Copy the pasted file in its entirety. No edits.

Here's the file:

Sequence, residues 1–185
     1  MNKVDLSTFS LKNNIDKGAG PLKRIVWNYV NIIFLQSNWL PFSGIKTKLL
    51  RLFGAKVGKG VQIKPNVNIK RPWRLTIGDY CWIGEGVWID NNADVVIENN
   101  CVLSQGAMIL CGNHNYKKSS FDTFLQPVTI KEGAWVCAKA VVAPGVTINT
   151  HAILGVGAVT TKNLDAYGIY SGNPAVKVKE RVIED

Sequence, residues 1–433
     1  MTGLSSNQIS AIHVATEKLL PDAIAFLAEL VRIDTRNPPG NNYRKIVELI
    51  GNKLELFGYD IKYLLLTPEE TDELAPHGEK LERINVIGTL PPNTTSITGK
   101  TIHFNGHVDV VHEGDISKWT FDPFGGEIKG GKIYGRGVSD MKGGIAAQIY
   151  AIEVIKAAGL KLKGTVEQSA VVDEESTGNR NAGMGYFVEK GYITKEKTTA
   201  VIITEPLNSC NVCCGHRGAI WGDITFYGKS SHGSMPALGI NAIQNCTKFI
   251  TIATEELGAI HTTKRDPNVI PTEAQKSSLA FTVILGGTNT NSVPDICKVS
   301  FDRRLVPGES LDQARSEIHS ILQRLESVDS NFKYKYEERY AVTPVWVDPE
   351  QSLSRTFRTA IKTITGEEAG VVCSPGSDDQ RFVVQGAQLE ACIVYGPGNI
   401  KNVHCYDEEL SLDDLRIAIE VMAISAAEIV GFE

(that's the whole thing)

Sequence, residues 1–185
     1  MNKVDLSTFS LKNNIDKGAG PLKRIVWNYV NIIFLQSNWL PFSGIKTKLL
    51  RLFGAKVGKG VQIKPNVNIK RPWRLTIGDY CWIGEGVWID NNADVVIENN
   101  CVLSQGAMIL CGNHNYKKSS FDTFLQPVTI KEGAWVCAKA VVAPGVTINT
   151  HAILGVGAVT TKNLDAYGIY SGNPAVKVKE RVIED

Sequence, residues 1–433
     1  MTGLSSNQIS AIHVATEKLL PDAIAFLAEL VRIDTRNPPG NNYRKIVELI
    51  GNKLELFGYD IKYLLLTPEE TDELAPHGEK LERINVIGTL PPNTTSITGK
   101  TIHFNGHVDV VHEGDISKWT FDPFGGEIKG GKIYGRGVSD MKGGIAAQIY
   151  AIEVIKAAGL KLKGTVEQSA VVDEESTGNR NAGMGYFVEK GYITKEKTTA
   201  VIITEPLNSC NVCCGHRGAI WGDITFYGKS SHGSMPALGI NAIQNCTKFI
   251  TIATEELGAI HTTKRDPNVI PTEAQKSSLA FTVILGGTNT NSVPDICKVS
   301  FDRRLVPGES LDQARSEIHS ILQRLESVDS NFKYKYEERY AVTPVWVDPE
   351  QSLSRTFRTA IKTITGEEAG VVCSPGSDDQ RFVVQGAQLE ACIVYGPGNI
   401  KNVHCYDEEL SLDDLRIAIE VMAISAAEIV GFE